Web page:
TC Highlands Farm Tour
My family recently took a visit to TC Highlands Farm in Pleasureville, Kentucky to visit with some friendly highland cattle.
At TC Highlands Farm, we had a choice of half hour or hour sessions, and went with the hour visit. We decided we wanted to spend a little more time with the cattle, feed them treats, brush them, hear all about them, have plenty of time to take pictures with them, and make the hour drive out to the farm worth our visit.
The hour sessions were for people over 12 years of age in groups of up to five. There are other sessions offered for kids ages 8 and up with different lengths of time and sizes of groups.
After booking our session through Facebook, we were sent a confirmation email with more details and the exact address of the farm in Shelby County. We pulled up to the barn about 15 minutes before our session and could see visitors out with the Highlands in a fenced in field not too far away.
We switched our sneakers for boots, grabbed the treats we had brought for the cows, and headed out toward the field. You must wear closed toed shoes, but if you’ve ever walked through a cow field, you’ll know why boots are preferred. Hint: cow pies are not for eating).
TC Highlands Farm started off as a family that was helping care for their neighbor’s cattle and decided they wanted some friendly cattle of their own. They researched and decided on the Highland, which is a Scottish breed of rustic cattle. Highlands have long horns and shaggy coats – they have a double coat of hair that is the longest of any cattle breed. Highlands are also good natured as we found out during our visit.
TC Highlands Farm quickly grew into a small business of visitors spending time with the Highland cattle. The farm owners both have full time jobs, and the Highlands are on their property, not a large commercial farm property.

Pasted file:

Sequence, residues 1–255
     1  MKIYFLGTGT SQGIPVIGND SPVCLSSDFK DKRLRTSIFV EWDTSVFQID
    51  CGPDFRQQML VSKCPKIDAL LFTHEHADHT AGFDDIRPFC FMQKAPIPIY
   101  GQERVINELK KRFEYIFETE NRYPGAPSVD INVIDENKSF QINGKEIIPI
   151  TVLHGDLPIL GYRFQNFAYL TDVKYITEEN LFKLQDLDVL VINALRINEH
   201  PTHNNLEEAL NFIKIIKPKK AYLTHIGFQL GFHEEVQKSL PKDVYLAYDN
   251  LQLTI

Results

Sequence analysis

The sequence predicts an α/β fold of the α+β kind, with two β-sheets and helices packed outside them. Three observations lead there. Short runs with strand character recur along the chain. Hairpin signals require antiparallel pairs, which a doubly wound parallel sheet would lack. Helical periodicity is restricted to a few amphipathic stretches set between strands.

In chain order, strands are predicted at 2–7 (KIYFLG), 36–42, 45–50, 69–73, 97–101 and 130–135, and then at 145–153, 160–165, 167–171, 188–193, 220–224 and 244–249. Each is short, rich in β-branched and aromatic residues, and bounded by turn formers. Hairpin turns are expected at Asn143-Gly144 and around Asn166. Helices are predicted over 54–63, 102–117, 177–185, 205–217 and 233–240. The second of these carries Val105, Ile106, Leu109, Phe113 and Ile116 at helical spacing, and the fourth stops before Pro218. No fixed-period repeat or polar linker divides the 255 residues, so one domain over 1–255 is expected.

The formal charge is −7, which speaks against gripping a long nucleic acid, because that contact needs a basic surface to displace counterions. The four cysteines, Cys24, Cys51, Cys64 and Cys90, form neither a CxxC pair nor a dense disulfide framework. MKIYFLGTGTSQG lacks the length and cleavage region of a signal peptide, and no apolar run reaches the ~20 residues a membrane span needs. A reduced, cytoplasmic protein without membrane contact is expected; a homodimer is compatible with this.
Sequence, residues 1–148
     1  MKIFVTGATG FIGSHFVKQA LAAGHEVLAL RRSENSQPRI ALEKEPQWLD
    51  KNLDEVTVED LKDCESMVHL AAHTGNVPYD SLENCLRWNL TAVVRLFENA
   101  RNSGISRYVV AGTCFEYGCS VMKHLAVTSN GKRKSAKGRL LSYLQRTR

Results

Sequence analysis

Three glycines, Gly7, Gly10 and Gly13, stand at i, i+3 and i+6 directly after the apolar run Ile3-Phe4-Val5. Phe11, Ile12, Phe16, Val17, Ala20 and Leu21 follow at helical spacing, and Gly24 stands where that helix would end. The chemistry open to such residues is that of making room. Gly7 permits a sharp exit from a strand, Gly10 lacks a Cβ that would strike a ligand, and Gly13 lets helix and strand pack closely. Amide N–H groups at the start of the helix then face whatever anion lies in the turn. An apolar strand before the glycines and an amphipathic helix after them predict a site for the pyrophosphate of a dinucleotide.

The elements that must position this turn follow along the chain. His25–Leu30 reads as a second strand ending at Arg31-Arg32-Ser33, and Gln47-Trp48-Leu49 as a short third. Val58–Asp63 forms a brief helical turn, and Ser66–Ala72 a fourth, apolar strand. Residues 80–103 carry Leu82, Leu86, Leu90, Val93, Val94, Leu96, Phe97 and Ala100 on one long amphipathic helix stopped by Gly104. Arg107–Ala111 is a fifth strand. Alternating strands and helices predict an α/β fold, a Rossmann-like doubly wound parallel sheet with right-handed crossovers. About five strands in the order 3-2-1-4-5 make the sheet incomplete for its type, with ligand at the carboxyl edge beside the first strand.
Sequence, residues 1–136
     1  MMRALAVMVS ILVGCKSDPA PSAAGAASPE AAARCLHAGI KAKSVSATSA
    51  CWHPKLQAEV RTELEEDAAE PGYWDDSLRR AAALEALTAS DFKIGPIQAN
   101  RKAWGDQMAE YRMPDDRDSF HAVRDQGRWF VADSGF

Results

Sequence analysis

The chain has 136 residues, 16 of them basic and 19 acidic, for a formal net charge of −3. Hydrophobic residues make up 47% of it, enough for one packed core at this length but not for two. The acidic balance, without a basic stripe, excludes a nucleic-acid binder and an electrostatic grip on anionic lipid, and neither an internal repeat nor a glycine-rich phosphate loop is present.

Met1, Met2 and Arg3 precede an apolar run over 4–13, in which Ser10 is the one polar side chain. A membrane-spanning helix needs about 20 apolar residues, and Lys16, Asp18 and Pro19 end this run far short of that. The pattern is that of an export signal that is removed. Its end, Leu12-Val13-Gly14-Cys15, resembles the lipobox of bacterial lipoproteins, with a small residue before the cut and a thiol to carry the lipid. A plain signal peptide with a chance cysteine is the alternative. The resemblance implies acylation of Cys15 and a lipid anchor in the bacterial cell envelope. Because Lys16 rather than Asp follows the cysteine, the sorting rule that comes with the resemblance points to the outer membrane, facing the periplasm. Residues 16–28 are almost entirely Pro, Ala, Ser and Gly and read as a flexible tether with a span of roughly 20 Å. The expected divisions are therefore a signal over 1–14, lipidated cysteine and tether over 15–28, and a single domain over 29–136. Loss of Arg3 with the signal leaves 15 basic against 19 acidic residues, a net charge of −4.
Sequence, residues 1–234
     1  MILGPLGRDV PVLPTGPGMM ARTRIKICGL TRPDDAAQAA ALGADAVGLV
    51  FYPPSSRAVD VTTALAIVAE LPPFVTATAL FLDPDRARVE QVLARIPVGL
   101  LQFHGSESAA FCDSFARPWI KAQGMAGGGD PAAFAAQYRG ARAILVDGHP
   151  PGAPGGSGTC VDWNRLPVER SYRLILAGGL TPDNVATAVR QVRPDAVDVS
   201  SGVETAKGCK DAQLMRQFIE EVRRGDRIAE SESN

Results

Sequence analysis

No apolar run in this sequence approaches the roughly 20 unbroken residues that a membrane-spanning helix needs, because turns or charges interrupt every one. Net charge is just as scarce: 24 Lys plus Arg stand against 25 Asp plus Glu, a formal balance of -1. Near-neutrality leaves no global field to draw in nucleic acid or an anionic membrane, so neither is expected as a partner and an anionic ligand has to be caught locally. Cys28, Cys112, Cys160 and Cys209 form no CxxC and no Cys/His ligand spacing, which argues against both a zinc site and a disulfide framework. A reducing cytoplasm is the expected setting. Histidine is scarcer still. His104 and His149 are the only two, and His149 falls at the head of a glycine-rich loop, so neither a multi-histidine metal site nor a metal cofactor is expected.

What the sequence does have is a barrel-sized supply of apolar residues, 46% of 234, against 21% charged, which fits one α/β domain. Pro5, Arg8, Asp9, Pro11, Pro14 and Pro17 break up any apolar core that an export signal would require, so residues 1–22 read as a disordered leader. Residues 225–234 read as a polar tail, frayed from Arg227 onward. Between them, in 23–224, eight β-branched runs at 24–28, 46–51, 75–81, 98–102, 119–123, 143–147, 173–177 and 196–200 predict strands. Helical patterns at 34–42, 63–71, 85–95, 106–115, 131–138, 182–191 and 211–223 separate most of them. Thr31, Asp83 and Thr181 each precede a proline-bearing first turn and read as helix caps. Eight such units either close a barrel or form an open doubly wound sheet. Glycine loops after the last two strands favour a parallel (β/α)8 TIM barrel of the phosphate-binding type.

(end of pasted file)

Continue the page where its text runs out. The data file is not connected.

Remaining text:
Visiting hours are mainly on the weekends for a limited number of sessions. Visiting sessions are also not held when the weather is too hot for the cows or too cold for the humans. There are no public bathrooms, food, or drink for visitors. They have a small table of TC Highlands merchandise to purchase, but other than that, you bring what you need, or stop on the way to the farm (there is a gas station just a few minutes away for bathroom needs).
When we arrived at TC Highlands Farm, we were allowed to go into the fenced in area where they had three heifers and two calves. None were full grown yet – the heifers were about three years old and the calves were seven months old. All were female (both male and female Highland cattle grow horns). All will continue to get bigger. The calves were roaming around free most of our visit, but stuck near to the visitors for brushing and treats, while the heifers were tied up to the fence because they would prefer to wonder away from the guests and have visitors chasing around after them. All of the cattle enjoyed the brushing and treats. The farm provides combs for brushing and had a couple treat varieties for visitors.
We brought some cut up fruit with us for the cattle. The heifers and calves LOVED the slices of apple we brought for them, and they enjoyed the horse treats the farm had available. The calves at TC Highlands Farm followed me around trying to eat all of the treats in my bag until the apples were gone. The Highlands love pumpkin and watermelon rinds, apples, pears, carrots, squash, and donuts. (We learned they do NOT like bananas). They also like the same treats that horses like – you can pick up those types of packaged treats at feed stores. I highly recommend bringing treats with you. We did pass a Dollar General on our way that sold bags of apples and donuts if want to grab some treats on your way to the farm, but you need to cut up the apples before feeding them to the cattle.
The Highland cattle have no top teeth, so they take food more gently than any other animal I have ever fed. However, they are also a bit more slobbery taking food from you than any other animal I have ever fed – there is a towel and wet wipes if you need them. I recommend wearing clothes that can get messy when visiting TC Highlands Farm.
The TC Highlands Farm owners were friendly, the cows were friendly, we learned a lot about their breed, learned about their life on the farm, and had a great time brushing, feeding, and taking pictures with the cattle.
It is important to the TC Highlands Farm owners to make sure people know not all Highland cattle are as well behaved as the ones we got to spend time with in the field. Out of all twenty of their Highland cattle, only these five were really appropriate for visitors. We really enjoyed our time at TC Highlands Farm and look forward to visiting again.
Looking for another farm tour? Here’s an idea! Black Horse Manor.